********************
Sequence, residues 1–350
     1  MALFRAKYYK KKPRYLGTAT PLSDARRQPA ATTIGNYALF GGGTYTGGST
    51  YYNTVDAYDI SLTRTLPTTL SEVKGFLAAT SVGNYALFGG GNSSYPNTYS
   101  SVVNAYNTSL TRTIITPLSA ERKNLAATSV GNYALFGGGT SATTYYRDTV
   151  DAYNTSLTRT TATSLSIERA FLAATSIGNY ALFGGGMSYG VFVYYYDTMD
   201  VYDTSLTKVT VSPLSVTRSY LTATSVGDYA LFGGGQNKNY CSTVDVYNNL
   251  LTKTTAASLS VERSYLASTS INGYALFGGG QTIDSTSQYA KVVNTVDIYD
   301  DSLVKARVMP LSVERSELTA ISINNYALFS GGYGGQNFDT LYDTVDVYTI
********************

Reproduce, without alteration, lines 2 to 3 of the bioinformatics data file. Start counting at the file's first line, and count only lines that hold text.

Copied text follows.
     1  MALFRAKYYK KKPRYLGTAT PLSDARRQPA ATTIGNYALF GGGTYTGGST
    51  YYNTVDAYDI SLTRTLPTTL SEVKGFLAAT SVGNYALFGG GNSSYPNTYS